St. Louis Cardinals: The NL Central’s Best Team by the Numbers

PITTSBURGH, PA - AUGUST 17: Adam Wainwright
PITTSBURGH, PA - AUGUST 17: Adam Wainwright /

With all of the new data and projections from places like Steamer, baseball seems almost quantifiable in 2019.Using this data, I have to compared the St. Louis Cardinals and the rest of the NL Central side by side.

We have exact data on the spin of a baseball as it leaves the pitchers hand. We have sprint speed, launch angle, hit probability, and on and on. The list of numbers is almost endless. I used the projected lineups for my comparison, with some slight edits when it comes to the use of Steamer. The St. Louis Cardinals didn’t require alterations, but other teams did.

For example, Steamer projects Francisco Liriano to throw 30 innings, but Rotochamp has him listed as a starter. I substituted in Mitch Keller instead, who is projected to throw 92 innings.

I went through multiple systems in my analysis and surprisingly came up with similar results. To start my analysis, I went to the go-to stat for player worth: bWAR. Now I understand that WAR is not a be-all, tell-all with player analysis. But it is a very good starting place for both pitchers and hitters.

Performing the comparisons, I organized each position by team in an Excel document. Then I ranked players just based upon my thoughts and previous performances I’ve seen. This produced team rankings of the Cardinals just ahead of the Cubs, with the Brewers, Reds, and Pirates all being close together, but a little bit behind. For grins, I replaced Dexter Fowler with Bryce Harper and the Cardinals left the Cubs in the dust (go figure).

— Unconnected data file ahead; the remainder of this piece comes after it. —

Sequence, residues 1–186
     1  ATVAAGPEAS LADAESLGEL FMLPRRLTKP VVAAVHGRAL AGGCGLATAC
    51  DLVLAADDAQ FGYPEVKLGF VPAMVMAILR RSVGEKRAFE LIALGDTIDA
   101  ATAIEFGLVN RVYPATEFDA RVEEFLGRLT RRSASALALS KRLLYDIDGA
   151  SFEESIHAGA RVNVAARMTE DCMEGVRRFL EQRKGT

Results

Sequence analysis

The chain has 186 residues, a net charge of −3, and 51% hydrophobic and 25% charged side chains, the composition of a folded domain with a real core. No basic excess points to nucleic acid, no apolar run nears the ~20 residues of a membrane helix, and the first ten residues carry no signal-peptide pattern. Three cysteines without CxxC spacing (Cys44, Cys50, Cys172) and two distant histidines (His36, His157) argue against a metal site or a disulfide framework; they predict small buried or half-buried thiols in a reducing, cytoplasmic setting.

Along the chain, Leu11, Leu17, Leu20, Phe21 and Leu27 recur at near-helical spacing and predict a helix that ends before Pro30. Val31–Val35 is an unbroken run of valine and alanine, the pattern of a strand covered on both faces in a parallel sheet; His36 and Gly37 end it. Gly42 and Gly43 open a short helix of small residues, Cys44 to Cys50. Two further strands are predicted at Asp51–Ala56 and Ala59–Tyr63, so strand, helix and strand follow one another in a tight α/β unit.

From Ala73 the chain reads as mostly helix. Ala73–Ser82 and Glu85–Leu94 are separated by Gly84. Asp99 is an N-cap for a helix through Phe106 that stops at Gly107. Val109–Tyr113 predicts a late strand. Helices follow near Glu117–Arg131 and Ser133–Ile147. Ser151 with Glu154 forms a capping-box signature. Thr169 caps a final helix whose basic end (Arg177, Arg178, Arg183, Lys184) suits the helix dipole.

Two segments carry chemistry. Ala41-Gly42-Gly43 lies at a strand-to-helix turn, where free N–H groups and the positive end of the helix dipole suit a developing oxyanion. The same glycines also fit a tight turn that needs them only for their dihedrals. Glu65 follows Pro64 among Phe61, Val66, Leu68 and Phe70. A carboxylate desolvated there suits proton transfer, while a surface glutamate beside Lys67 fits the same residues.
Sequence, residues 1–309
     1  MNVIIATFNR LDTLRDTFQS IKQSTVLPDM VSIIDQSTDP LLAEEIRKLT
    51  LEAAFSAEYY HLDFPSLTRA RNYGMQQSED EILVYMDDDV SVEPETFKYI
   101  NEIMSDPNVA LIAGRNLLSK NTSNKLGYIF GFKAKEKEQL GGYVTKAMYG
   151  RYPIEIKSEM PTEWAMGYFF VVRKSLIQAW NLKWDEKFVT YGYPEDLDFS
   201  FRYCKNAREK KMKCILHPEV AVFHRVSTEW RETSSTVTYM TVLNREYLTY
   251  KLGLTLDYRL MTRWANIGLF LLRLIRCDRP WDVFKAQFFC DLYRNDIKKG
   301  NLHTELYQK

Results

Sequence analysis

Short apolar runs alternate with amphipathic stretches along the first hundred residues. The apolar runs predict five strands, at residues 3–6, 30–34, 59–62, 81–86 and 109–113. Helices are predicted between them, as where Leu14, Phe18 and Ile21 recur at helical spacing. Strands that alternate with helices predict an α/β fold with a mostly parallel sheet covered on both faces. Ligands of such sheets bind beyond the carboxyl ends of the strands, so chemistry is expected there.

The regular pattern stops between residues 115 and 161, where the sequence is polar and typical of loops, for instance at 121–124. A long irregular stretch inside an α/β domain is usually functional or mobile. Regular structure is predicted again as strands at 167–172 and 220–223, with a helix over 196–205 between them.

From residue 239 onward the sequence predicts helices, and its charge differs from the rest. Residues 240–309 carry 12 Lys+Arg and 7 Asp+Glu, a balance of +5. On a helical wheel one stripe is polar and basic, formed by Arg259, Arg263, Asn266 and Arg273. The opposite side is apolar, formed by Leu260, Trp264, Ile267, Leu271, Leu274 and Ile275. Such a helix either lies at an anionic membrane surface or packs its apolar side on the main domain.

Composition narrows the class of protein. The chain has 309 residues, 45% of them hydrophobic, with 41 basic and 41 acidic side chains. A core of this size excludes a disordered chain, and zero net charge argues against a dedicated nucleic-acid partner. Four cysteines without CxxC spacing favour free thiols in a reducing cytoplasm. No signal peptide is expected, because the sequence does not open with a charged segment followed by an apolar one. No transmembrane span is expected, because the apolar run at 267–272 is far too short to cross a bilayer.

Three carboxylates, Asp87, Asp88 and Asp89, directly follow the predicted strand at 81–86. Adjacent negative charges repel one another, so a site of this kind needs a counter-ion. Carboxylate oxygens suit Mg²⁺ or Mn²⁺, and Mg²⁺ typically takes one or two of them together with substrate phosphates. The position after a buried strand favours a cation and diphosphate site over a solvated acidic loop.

Next, I decided to do two statistical analyses, one of past performance and one of steamer projections. I wanted to use WAR, but having only a select number of players, I needed to account for playing time. For position players, I came up with a formula of (WAR/Games played)*100. The division provides a sort of value per game, and then it is scaled to a measurable number. For pitchers, the formula was (WAR/Innings Pitched)*200.

Once I had these inning/game value numbers, I ranked each position on a scale of 1-5 except for OF, SP, and RP. OF and RP were 1-15 (and then divided by 3 in the totals), SP 1-25 (then divided by 5). The high number is the best, in this case. From there, I totaled the scores of each team and scaled each half (pitcher vs position player) to be out of 50. Then, I added the calculated scores together and came up with my overall roster comparison.

The best NL Central position player corps belongs to the Cardinals, and by a decent margin. I found this to be surprising, considering the formidable corps that Milwaukee rolls out on a daily basis. If you’re curious, the Cards went C 4, 1B 4, 2B 4, 3B 4, SS 5, OF 13, 9, 3. The most obvious area to improve is RF, where Dexter Fowler represents a huge question mark. If he were to be replaced by Bryce Harper, the Cardinals would become 12% better in my analysis.

I was through my analysis and already writing this article when Fangraphs rolled out a new version of catcher WAR. This brought Yadi’s ranking from 4th to 2nd, behind only framing extraordinaire Yasmani Grandal. Also ahead of Willson Contreras. Boy does that make me feel good.

Another feel-good result is that Paul DeJong is projected to be more valuable on a per-game basis than Javier Baez and the single most productive SS in the NL Central. Right as I was finishing up my research Fangraphs rolled out a new version of WAR for catchers. I’m quite happy that they did as they have finally found a way to at least partially recognize the defense wonder that is Yadier Molina.